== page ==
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BIPR | From Embrace to Disgrace: Past and Future of EU-PRC Relations
From Embrace to Disgrace: Past and Future of EU-PRC Relations

November 30, 2023 - 18:00

Romano Prodi - Enrico Fardella - Sergey Radchenko - Flavia Giacobbe

Event Recap

The panel opened the discussion with former President of the European Commission and former Prime Minister of Italy, Romano Prodi, who acknowledged the historical shift in European-Chinese relations over the last few decades. What started as a close, embracing exchange during the 1970s, entailing bilateral relations and increasing trade, quickly pivoted at the end of the 1990s and early 2000s where relations between Europe and China began to cool.

Professor Enrico Fardella elaborated that this period marks a critical point for policy makers and academics alike, posing the question as to how the EU got 'lost in this transition' - between the promotion of interdependence with the PRC and the shift to 'de-risking' from it - and where it can go from here. He detailed how China crafted policies that deepened European dependence on China, with Xi Jinping's first mandate in 2012 marking China's more assertive stance towards reshuffling the world order. Accordingly, in 2019 the strategic outlook of the European Commission was that China was making moves to revise the international order, labeling it a "systemic rival." To further villainize itself, Beijing's position on the Russian invasion of Ukraine only exacerbated this issue.

Today, despite increasing tension, China and the EU still play a large role in each other's economies, with 52% of strategic imports to the EU coming from China. Paradoxically, while the EU is dependent on China for imports, China is just at dependent on the EU for exports. Fardella hypothesized that the EU could possibly utilize this as a defensive mechanism against China's strongarmed approach of implementing restrictions on rare materials which in turn hinders Europe's green transition. Moreover, the most recent meeting between the EU and China immediately following Russia's invasion into Ukraine led to no improvements in relations, with some describing it as the "dialogue of deaf." Without a more concrete agenda from China, Europe is committed to focusing on its internal electoral campaigns and is hesitant to commit to anything explicit.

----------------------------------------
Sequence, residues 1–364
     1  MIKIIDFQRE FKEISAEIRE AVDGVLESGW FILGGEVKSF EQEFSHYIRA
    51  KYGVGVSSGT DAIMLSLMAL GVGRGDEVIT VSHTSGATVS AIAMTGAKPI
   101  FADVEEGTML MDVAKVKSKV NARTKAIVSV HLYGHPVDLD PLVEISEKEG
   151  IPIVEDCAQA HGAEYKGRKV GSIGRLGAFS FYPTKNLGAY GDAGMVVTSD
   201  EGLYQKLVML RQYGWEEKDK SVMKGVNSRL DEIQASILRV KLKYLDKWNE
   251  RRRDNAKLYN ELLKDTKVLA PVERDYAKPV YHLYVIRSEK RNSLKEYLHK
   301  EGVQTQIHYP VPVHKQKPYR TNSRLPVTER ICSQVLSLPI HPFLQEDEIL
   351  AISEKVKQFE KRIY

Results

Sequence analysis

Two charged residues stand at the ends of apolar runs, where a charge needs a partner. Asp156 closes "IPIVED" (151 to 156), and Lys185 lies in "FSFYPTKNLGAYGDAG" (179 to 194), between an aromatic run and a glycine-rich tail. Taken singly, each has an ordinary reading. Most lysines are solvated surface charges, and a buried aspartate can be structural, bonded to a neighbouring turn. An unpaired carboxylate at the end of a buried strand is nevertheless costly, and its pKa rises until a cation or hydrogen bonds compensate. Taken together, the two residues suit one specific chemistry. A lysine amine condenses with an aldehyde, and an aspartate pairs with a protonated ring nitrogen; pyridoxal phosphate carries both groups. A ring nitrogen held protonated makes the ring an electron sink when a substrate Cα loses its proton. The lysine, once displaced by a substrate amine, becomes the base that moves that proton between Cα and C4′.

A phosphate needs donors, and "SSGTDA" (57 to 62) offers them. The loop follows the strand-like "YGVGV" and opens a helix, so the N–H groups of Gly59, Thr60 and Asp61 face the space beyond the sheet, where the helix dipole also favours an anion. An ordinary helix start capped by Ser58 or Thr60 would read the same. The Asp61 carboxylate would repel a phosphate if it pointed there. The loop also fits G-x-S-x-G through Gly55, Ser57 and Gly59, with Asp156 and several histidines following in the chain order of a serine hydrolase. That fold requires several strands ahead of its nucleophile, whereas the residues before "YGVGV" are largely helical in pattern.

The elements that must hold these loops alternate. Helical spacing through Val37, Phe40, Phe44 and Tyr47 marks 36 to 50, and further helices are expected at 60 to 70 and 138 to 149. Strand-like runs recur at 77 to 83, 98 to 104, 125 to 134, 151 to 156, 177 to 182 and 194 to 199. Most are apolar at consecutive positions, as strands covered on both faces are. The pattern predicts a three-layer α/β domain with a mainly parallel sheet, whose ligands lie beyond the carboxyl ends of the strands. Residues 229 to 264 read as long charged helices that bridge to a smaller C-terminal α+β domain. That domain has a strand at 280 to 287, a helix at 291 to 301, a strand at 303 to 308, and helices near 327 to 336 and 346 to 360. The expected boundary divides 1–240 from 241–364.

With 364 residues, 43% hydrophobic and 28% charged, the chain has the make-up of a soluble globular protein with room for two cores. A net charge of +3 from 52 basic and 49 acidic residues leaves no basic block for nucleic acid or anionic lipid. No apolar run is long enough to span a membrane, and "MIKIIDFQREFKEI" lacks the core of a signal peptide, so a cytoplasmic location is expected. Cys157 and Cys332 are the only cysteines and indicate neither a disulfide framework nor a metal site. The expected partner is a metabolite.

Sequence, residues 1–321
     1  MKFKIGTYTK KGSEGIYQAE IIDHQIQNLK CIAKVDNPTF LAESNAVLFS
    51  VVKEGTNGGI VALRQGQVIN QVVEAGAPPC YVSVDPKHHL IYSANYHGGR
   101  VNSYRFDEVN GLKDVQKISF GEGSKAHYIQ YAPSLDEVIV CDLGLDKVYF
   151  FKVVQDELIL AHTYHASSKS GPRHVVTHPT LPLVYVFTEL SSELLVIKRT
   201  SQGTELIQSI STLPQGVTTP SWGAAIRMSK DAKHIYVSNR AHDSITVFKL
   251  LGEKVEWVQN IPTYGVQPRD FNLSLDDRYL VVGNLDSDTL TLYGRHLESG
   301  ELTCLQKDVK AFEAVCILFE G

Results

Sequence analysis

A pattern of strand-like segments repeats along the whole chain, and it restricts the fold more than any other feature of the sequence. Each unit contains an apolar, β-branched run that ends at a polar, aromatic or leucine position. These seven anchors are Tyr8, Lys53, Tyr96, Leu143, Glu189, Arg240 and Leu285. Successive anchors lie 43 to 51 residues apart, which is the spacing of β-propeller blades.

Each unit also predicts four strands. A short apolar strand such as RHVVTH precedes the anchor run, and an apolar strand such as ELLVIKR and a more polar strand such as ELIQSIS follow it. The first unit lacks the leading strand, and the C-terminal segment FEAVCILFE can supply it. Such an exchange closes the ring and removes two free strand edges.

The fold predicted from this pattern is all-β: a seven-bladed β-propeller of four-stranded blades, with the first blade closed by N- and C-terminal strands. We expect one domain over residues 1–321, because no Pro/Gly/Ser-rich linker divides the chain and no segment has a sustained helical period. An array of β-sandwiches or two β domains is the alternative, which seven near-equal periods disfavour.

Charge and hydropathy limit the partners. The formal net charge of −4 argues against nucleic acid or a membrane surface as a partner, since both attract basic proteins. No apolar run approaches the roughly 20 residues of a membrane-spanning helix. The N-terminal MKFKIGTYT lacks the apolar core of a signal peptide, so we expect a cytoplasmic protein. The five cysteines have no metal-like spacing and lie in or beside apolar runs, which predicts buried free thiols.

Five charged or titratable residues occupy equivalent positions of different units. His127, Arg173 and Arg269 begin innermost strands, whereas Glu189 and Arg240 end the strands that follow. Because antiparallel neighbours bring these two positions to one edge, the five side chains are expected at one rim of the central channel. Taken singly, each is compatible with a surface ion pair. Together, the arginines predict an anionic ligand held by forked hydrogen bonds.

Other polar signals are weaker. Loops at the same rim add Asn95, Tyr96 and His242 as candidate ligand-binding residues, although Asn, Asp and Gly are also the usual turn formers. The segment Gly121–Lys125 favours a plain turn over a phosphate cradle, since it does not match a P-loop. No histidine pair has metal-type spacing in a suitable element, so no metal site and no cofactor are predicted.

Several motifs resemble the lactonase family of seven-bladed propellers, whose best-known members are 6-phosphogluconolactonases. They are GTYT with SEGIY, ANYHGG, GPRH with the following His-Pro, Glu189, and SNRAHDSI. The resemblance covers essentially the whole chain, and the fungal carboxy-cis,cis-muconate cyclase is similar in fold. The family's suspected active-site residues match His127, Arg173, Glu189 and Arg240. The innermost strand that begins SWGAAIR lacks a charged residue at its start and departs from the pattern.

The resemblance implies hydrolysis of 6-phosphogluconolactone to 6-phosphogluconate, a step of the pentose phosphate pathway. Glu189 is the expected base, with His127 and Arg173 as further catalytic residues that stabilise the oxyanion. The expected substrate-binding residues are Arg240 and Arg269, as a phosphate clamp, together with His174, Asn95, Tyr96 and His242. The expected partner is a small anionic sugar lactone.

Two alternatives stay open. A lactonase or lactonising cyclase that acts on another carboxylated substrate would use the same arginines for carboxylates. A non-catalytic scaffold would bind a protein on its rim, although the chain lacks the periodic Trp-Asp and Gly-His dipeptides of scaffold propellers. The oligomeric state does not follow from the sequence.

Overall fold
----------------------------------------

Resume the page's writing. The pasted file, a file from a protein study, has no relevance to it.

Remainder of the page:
Most importantly, Fardella articulated the crux of the issue for China, as the rise of this nation coincided with the West's capacity to absorb excess Chinese production. With that know slowing down, and there being no more space to absorb China's growth, China has important decisions to make regarding a reformation of its current economic model.

Regarding Sino-Russian relations, Professor Sergey Radchenko stated that the "Sino-Russian relation is not as close as some fear, but not as broken as some of us hope." With Putin's decision to invade Ukraine, Radchenko believes that China understands that Russia is the best ally it has, and so it will continue to support Russia indirectly including by buying oil and hydrocarbons at discounted prices to keep money flowing into Russia. Nonetheless, Chinese interests in the war are limited, as China does not want further escalation. Radchenko declares that China's preferred position is a stalemate. The fundamental interest in a frozen conflict keeps Russia cutoff and dependent on China, enabling China to bargain and gain more resources.

Recorded Video:

From Embrace to Disgrace: Past and Future of EU-PRC Relations

Supported by the Associazione di cultura e di studio italo-americana Luciano Finelli Friends of the Johns Hopkins University
hosted by Professor Sergey Radchenko

Romano Prodi
Keynote: Former President of the European Commission and Former Prime Minister of Italy
Engaging Beijing: Successes and Failures
Enrico Fardella
University of Naples L’Orientale
The Dusk of Sino-European Relations
Sergey Radchenko
Johns Hopkins University SAIS Europe
The Myth of the ‘Unlimited Partnership’ and its Influence over PRC-EU Relations